Graphene is a new carbon material. The theory of graphene was first explored by P. R. Wallace in 1947. Konstantin Novoselov and Andre Geim were the first to make graphene in 2004, an achievement for which they received the Nobel Prize in Physics in 2010.
Since then tremendous effort has been made to be able to produce graphene on a large scale. The first successful efforts at commercial production started in 2014 and production volumes and efficiency increase ever year, making graphene available for an array of applications.
Graphene is a two-dimensional atomic-scale material, that is made of a single layer of carbon atoms that have a high level of cohesion through hybridisation bonds sp2 and arranged in a uniform surface. It is slightly undulating with a similar appearance to that of a honeycomb lattice because of its hexagonal configuration. Graphene is an allotropic form of carbon such as graphite or diamond. Graphene is very thin; to give you a perspective, one millimeter of graphite contains three million layers of graphene.
Graphene is the strongest material known in nature, stronger than structural steel with the same density and even harder than diamond, and at the same time, it has a thickness that varies between 1 and 10 carbon atoms. Because of its thinness, this material is considered two-dimensional; it is the only material that can remain stable at just one atom thick.
Graphene is also elastic and flexible, and processes great electrical and thermal conductivity properties. This allows for heat dissipation and allows graphene to withstand intense electrical currents without heating. Graphene is virtually transparent, waterproof and so dense that not even helium can pass through it.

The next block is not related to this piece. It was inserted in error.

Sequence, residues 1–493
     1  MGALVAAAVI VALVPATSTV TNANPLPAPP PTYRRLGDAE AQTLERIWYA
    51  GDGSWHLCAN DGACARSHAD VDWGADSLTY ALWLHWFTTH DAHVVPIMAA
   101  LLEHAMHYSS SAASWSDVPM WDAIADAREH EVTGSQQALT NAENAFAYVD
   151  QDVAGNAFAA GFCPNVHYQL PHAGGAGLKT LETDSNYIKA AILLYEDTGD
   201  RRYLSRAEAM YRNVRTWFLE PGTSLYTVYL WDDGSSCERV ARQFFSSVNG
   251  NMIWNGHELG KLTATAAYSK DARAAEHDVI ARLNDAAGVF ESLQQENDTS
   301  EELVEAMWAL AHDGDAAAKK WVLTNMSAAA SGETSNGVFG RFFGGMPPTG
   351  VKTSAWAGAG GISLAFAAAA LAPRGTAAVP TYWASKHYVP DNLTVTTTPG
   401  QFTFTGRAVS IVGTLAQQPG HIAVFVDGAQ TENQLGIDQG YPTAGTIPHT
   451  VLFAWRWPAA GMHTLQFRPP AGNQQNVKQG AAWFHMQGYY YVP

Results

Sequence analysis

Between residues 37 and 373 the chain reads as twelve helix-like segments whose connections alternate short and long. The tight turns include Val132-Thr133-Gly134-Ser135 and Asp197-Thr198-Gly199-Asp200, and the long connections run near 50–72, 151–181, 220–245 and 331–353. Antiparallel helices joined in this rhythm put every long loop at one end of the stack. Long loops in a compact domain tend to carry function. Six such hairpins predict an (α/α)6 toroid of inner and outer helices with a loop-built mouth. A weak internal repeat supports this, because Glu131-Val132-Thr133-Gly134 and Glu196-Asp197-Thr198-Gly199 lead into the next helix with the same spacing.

It is important to note that graphene is pure carbon and therefor abundantly available in nature and ecologically friendly.
These properties make graphene an ideal material for medical and dental applications.
Features of Graphene
- It is pure carbon.
- It is two-dimensional, and 100,000 times thinner than a human hair.
- It is the strongest material of nature, 200 times stronger than structural steel at the same density.
- It is more scratch resistant than diamond.
- It is elastic and more flexible than fiber carbon.
- 1 square meter weighs less than 1 gram
- It is chemically inert, does not react with oxygen in the air and does not oxidize.
- It is virtually transparent to light, because optical absorption of a single layer of graphene is only ~2,3% in the visible spectrum.
- It has a high thermal and electric conductivity, greater than that of copper or silver.
- It heats up less when carrying electrons (lower Joule effect) and consumes less electricity than silicon for the same task.
- It works as a frequency multiplier, therefore making it possible to work at high clock frequencies.
- It is biocompatible and non-toxic for biological cells.
- It is bacteriostatic and promotes the growth of cells. Bacteria do not develop in it, so it can be used in biomedicine.